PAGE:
How Search History and Location Affect Search Rankings
October 21st 2022
If you pay for SEO services for your website, it can come as an unwelcome shock to do a Google search for your industry and location, and find that your high-quality website doesn’t show up at all. As an online or small/local businesses owner, you will be interested to know that your personal search history and physical location often affect your site's rankings for certain types of keywords and situations. Let’s take a look at these together!
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What is Search History?
When a user is logged into their Google account, Google will collect web, search, and app activity. You can opt-out of some of this data collection, but it is turned on by default. Visit myactivity.google.com to see and manage your own search history!
The data is mainly collected to personalize and tailor your online experience to better align with your interests. This personalization involves things like saving your search history, steering you toward relevant results, and picking up where you left off if you closed a tab or window. Overall, it is meant to provide a more comfortable, individual search experience across Google’s services.
Unless you have opted out of it, Google will store your search history data for up to 180 days. When you are logged into a Google account and you use their services, they will learn your recent search habits and prioritize these interests when delivering future results.
How Does Search History Affect Search Results?
User search history has been a factor in Google rankings as far back as 2007. [Source] If you regularly search for similar keywords, Google will begin offering results (and sometimes ads) based on your previous searches. The impact on your results is subtle, but once Google has your search data it will try to predict who and/or what you meant (your search intent) based on your previous queries.
This online behaviour can be misleading for business owners who have become used to searching their own name or industry keywords on a regular basis. Repeated searches can make a company appear favoured, and can cause them to move higher more slowly in the rankings that they see on their own device.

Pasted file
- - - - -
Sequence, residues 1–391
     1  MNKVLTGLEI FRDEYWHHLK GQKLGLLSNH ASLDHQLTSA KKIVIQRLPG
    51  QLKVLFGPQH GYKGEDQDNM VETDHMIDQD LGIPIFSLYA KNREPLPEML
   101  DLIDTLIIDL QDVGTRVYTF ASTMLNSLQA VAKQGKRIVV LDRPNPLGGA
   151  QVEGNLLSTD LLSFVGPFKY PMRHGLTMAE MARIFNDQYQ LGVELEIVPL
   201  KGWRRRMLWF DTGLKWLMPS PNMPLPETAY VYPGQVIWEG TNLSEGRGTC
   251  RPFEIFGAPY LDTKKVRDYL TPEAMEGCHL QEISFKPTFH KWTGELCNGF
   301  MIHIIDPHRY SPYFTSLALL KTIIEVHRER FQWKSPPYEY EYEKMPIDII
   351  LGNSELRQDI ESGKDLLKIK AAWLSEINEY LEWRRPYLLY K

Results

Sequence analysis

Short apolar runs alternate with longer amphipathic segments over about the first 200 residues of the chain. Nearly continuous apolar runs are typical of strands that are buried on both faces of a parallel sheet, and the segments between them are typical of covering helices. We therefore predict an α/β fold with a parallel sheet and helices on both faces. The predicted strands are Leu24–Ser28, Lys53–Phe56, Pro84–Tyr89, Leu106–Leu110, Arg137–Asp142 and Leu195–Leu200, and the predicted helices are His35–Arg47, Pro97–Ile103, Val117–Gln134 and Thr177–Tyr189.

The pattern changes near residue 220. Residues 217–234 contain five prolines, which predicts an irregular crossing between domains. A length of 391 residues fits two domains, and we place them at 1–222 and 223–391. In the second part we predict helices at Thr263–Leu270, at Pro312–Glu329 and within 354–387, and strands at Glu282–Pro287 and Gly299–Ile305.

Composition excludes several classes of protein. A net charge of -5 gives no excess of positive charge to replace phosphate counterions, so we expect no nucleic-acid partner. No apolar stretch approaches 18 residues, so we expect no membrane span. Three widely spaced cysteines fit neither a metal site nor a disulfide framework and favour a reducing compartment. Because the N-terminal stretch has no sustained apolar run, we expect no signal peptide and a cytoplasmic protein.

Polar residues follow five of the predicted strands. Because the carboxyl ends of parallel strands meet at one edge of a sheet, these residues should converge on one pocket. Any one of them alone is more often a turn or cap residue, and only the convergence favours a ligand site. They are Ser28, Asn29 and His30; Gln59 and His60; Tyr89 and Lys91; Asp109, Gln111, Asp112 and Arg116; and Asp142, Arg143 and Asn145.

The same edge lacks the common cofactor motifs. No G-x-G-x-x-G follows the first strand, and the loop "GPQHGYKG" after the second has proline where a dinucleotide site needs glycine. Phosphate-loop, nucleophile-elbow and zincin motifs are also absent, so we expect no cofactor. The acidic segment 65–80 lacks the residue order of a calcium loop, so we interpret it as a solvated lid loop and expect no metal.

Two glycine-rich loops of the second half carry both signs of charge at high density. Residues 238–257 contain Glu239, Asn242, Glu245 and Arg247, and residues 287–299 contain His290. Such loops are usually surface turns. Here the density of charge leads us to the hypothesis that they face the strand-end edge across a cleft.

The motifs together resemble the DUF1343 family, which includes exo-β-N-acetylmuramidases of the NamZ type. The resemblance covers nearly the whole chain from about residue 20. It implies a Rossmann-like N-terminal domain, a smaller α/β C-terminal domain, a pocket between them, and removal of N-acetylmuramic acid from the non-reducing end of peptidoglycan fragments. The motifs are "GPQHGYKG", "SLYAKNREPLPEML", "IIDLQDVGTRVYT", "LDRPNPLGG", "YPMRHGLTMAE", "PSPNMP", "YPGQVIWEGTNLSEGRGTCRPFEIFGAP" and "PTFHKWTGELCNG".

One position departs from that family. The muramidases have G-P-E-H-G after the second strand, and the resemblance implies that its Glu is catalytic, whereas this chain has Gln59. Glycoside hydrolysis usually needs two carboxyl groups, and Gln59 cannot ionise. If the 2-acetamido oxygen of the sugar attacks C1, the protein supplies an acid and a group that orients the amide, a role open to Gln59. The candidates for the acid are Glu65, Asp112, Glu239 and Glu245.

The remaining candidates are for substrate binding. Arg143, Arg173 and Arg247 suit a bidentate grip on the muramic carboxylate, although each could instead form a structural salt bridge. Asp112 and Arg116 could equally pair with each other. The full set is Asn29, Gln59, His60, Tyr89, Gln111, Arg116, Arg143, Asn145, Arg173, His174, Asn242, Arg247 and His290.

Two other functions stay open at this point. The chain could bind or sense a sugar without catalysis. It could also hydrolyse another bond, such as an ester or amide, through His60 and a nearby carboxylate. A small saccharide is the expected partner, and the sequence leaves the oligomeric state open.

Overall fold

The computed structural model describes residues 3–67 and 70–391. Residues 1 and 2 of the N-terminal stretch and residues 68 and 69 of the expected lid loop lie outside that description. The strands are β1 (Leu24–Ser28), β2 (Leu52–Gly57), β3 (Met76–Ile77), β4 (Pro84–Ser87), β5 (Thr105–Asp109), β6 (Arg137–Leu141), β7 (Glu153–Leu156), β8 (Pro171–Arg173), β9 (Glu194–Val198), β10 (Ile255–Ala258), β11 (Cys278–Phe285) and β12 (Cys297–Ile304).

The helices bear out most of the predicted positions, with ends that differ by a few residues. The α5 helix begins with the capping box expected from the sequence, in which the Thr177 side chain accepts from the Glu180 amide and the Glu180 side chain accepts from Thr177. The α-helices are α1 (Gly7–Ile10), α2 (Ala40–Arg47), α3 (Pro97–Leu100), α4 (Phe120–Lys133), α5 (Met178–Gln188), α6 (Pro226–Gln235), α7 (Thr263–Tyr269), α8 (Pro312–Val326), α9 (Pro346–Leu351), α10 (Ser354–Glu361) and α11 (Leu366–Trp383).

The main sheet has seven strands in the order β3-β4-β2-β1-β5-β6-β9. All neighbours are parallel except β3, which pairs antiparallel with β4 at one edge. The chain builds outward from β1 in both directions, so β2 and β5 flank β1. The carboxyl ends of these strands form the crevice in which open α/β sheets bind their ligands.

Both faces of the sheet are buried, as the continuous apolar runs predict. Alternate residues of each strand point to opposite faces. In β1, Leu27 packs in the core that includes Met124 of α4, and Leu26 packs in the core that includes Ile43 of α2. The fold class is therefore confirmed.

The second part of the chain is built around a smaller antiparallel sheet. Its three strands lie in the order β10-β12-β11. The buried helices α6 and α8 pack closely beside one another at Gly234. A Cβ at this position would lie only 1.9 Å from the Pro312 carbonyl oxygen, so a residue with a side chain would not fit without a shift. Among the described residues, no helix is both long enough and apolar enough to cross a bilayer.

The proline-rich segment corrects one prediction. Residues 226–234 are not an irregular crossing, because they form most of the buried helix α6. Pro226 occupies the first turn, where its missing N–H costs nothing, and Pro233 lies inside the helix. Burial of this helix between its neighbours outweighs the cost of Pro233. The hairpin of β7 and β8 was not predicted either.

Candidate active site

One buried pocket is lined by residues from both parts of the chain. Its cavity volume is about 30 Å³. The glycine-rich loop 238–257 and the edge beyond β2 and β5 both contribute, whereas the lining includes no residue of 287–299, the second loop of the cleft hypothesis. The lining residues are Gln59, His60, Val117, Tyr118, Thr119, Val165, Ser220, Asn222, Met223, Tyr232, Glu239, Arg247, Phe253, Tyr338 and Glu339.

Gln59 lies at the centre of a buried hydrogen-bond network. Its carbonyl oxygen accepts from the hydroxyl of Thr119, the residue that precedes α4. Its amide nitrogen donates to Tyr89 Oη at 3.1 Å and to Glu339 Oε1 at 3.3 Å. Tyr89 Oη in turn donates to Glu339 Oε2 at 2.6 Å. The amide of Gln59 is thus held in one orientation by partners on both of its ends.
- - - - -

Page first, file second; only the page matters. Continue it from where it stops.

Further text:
Pages that you visited previously from the links in Google’s search results will start to show up more and more in your results, frequently moving higher on the page, and potentially creating a false impression that a website page is ranked higher than it actually is.
Even if someone isn’t logged in, they may see different search results based on the history stored in their current browser session. Google will have less data to draw from here, but it will continue in its attempt to personalize the experience for users.
How Does My Physical Location Affect Search Results?
One of the primary factors that affects local results is distance from your location to nearby businesses.
Distance considers how far each potential search result is from the location term used in a query. If a user doesn’t specify a location in their search, then Google will calculate distance based on what they do know about the user’s location. Whether you have your location services turned on or not, Google can usually figure out roughly where you are.
In particular, this affects users when they type a query with the phrase "near me". This tells Google that the user is looking for the nearest businesses, and not necessarily the businesses that Google would typically show for that industry.
Similar to what we explained about search history, these “near me” or other location-focused types of searches can create a false impression about the ranking of a website. If you operate a restaurant and search for “restaurants near me” or “restaurants [city name]” while you’re sitting in your restaurant dining room, your business may show up first. If you do the same search while sitting in a different business, you may not show up at all.
SEO specialists often link the relevance of your website to search queries by including the location in the topic of the page. For websites, this means using keywords in your content, and particularly the introduction, that clearly define the location — keywords such as “Custom Web Development Kamloops”.
Customers can opt-out of sharing location data with Google, but most of us don’t. Most users who are searching for local businesses are looking for the closest and most convenient option. Allowing Google to see your location improves the results they can provide you. However, it’s a good idea to not worry too much about the ranking of your own business website when you’re using location-focused search terms like “near me”. Your own search results will never give you the full picture. We recommend you opt for a more complete SEO report instead.
If you need to make sure your business is ranking for your physical location, contact us today and ask for a FREE website review!
For more answers to common questions about SEO services, check out the Grassroots FAQ section of our blog!